Kazutoshi Hando, who wrote a selection of functions on Japan’s wartime historical past, died in his household in Tokyo on Tuesday, a source common with the matter mentioned. He was 90.
Hando devoted most of his career as an creator to the research of fashionable Japanese record. He also acted as a storyteller of wartime activities in an hard work to promote peace.
Born in downtown Tokyo in 1930, Hando expert devastating air raids in the capital by U.S. forces in March 1945 at the age of 14. Together with his spouse and children, he moved to Nagaoka, Niigata Prefecture, to avoid the bombings until finally the conclusion of Earth War II.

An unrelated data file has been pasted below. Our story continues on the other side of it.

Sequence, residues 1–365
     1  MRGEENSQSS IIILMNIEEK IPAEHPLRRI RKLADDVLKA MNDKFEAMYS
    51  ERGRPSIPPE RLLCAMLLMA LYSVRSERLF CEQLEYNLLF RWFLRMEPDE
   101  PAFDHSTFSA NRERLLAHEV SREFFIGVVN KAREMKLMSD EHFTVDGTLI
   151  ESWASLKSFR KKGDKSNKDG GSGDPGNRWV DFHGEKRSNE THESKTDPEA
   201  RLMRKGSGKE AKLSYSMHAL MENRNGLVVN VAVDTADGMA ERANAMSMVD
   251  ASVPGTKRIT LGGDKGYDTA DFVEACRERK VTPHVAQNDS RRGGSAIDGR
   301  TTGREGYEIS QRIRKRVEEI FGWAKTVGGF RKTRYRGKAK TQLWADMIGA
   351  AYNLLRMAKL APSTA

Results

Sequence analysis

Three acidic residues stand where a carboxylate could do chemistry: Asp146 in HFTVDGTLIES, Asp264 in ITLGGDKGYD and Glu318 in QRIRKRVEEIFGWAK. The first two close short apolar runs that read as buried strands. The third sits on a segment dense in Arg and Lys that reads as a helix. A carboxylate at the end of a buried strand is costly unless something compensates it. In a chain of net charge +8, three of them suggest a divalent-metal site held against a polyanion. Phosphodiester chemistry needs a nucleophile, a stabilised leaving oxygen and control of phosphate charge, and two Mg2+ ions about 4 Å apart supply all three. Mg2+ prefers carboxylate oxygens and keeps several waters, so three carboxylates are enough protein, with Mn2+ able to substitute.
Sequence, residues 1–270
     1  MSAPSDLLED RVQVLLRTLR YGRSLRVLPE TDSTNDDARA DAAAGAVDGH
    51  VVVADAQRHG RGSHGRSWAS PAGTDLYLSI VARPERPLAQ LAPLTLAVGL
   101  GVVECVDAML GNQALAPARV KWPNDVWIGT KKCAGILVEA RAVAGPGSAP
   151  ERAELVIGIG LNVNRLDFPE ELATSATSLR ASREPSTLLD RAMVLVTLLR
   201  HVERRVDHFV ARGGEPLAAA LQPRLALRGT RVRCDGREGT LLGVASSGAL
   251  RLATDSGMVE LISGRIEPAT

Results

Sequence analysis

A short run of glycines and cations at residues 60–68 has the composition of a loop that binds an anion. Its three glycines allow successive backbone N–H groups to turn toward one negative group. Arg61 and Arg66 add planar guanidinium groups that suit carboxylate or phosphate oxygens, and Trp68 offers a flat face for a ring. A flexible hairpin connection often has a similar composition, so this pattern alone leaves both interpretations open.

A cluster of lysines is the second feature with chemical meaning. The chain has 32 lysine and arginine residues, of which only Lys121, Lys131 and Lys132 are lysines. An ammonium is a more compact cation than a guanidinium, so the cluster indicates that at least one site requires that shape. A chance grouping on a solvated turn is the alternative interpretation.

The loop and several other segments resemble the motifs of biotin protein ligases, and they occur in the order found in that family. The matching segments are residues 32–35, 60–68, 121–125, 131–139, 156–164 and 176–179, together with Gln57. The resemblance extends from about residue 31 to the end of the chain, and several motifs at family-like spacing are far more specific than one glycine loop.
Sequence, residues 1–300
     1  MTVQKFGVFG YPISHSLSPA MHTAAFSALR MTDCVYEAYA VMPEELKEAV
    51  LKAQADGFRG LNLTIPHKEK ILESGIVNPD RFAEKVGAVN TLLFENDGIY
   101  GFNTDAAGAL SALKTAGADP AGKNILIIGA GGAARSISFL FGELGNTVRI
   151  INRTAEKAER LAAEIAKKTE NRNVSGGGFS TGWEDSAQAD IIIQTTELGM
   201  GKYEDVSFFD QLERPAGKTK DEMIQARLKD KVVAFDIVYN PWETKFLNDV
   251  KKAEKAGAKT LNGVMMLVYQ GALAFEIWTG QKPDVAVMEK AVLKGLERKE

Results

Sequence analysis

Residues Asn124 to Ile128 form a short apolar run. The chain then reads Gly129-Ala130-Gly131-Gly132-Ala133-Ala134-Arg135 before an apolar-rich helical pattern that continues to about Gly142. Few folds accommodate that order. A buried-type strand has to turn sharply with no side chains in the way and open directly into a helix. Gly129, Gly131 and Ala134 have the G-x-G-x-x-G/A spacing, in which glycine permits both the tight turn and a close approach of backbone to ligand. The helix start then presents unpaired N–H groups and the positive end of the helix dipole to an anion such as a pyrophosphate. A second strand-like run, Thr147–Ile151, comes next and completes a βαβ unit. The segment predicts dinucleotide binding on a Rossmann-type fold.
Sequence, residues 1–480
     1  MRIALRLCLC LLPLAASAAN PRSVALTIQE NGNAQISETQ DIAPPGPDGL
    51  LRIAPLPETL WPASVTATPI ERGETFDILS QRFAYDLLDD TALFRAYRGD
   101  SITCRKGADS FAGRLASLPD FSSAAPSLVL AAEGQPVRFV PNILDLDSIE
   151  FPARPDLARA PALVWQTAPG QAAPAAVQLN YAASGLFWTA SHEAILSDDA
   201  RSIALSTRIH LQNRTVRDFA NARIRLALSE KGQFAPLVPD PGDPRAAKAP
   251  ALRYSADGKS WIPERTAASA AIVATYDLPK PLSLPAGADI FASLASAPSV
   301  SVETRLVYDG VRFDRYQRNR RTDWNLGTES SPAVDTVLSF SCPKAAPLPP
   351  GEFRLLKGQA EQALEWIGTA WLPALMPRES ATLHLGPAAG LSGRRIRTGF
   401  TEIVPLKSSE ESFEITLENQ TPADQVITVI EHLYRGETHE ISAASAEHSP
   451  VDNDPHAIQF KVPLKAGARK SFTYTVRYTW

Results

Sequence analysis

File picture of Japanese author Kasutoshi Hando taken in December 2018 (Kyodo)
After serving as a main editor of weekly and regular monthly magazines at publisher Bungeishunju Ltd., he switched in 1994 to a full-time concentration on his individual composing.
One of his most effective-known operates is “Japan’s Longest Working day,” depicting how the Japanese armed forces govt resolved to surrender on Aug. 15, 1945, primarily based on the author’s round-desk conversations with previous federal government officials and army officers who served for the duration of the very last times of the war.
The piece, at first revealed by the every month journal Bungeishunju, came out as a e book titled “Japan’s Longest Day. Compiled by the Pacific War Research Modern society” in 1965. It has given that been adapted into function films.
Hando was uncovered unresponsive in his house in Tokyo’s Setagaya Ward on Tuesday afternoon and later pronounced dead, according to the source.